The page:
County engineer Ronnie Clark talks to the board about the bridge-inspection problem.

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Feds threaten to cut off MDOT funding if counties don’t follow closure orders

It will take a court order for Jones County to close bridges that were recommended for closure by “sub-consultants” who were hired by the federal government to conduct the inspections.

That’s what county engineer Ronnie Clark and Supervisor Barry Saul and other supervisors said after a special meeting with Mississippi Department of Transportation district engineer Kelly Castleberry last week. And they may just get that, now that the state is ramping up efforts to get counties to comply after being threatened with having federal funds taken away.

A total of 27 county bridges have been recommended for “immediate closure” by Garver Engineering in Little Rock, Ark., and, to date, only three have been closed. All of the bridges are supported by timber pilings.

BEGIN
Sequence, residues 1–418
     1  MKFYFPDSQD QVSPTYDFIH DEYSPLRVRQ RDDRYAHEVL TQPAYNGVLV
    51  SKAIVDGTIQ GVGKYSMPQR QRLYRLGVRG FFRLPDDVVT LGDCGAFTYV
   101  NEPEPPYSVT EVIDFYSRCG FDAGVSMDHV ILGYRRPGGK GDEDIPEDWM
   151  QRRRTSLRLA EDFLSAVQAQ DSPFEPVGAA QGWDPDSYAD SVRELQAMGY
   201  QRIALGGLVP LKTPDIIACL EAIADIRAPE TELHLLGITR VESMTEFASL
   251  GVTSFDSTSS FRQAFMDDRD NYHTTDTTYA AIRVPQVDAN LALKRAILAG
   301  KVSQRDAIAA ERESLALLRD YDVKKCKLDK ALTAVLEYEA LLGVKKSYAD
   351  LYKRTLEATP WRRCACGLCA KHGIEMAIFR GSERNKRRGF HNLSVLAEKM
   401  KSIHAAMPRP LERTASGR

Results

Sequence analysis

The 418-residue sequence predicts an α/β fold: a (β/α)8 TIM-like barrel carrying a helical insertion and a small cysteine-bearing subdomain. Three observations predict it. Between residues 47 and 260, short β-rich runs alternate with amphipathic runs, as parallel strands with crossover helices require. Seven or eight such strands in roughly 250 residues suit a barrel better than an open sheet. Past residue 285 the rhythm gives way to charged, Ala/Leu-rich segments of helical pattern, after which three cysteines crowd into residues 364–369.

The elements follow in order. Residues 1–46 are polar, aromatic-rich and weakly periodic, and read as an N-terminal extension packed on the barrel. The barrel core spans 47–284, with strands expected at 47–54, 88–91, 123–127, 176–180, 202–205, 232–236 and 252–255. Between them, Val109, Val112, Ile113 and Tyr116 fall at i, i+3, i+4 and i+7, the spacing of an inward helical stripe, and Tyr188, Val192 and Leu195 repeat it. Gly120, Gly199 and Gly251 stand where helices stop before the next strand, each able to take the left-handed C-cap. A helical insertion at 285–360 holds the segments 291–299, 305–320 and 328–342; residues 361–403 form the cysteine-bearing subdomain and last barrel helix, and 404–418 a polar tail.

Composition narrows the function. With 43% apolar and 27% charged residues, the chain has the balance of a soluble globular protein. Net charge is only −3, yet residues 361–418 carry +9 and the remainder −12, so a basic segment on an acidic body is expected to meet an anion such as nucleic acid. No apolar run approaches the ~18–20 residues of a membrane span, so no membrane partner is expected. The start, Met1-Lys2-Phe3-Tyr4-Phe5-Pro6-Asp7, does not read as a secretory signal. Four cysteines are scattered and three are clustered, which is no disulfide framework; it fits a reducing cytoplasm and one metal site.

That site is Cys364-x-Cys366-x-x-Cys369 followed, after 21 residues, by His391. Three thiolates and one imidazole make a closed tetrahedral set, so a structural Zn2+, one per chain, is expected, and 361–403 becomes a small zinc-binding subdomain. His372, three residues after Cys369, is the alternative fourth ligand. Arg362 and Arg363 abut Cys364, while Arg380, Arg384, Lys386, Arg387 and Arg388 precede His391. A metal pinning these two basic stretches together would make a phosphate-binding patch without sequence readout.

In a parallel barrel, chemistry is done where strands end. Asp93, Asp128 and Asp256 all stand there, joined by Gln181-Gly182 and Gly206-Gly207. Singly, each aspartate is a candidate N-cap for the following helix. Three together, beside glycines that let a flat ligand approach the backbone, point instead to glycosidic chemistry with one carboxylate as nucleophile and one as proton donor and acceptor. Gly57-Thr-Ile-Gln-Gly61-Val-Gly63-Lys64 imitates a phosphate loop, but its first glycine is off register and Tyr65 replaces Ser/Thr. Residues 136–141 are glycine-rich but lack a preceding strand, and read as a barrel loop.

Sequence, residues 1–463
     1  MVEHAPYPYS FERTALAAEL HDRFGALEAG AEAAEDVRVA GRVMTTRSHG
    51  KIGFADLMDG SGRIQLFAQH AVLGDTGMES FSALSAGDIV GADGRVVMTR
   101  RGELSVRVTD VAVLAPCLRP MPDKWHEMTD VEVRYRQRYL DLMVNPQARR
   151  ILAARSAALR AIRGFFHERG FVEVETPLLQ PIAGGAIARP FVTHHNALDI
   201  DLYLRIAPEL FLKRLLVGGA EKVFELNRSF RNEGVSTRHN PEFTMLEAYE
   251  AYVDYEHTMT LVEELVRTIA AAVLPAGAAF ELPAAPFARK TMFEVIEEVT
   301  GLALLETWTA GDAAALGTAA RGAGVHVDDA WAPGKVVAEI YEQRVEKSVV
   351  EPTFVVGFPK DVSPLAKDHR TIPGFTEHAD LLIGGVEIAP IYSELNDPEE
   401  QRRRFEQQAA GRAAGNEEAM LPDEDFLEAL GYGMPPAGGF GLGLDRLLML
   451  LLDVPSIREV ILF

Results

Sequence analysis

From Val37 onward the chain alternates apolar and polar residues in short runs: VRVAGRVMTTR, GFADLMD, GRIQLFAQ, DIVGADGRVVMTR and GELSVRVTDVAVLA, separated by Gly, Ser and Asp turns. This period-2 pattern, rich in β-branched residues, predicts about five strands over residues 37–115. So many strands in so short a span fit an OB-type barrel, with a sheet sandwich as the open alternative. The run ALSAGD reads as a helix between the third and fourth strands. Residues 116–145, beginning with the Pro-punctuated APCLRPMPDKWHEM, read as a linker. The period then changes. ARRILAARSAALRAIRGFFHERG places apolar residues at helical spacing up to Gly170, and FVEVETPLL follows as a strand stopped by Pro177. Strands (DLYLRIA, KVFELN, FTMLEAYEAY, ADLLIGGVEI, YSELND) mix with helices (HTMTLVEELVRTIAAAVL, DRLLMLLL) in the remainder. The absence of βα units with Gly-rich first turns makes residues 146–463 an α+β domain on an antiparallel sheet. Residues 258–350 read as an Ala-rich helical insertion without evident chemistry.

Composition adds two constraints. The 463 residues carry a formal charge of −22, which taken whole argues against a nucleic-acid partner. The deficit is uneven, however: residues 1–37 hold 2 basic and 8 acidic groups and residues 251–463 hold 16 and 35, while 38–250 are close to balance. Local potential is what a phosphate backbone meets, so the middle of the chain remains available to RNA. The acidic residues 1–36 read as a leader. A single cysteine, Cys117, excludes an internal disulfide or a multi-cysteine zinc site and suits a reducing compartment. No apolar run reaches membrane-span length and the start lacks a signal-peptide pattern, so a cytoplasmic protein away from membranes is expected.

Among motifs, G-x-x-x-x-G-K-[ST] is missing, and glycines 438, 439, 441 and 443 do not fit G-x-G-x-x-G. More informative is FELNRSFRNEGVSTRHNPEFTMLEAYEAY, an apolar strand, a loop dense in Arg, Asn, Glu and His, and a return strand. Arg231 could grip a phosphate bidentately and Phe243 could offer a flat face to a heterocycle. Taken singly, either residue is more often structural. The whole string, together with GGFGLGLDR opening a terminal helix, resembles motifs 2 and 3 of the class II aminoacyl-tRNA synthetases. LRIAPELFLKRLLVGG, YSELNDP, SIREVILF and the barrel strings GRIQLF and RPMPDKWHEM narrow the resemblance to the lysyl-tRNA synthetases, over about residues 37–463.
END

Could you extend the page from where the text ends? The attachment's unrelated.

“Imminent failure will occur at some point,” Castleberry said during a slide presentation and question-and-answer session with supervisors. “It may be today, it may be tomorrow, next week or six months from now. If the right truck goes across, it will fail.”

Supervisors have ignored the order, waiting for an explanation from the engineer who conducted the inspections. But now the Federal Highway Administration has threatened to cut off funding to MDOT unless counties comply with the order, so MDOT officials’ “hair is on fire,” Clark said. 

Clark has been critical of the FHA for taking inspections out of the hands of county engineers and hiring consultants to do the job.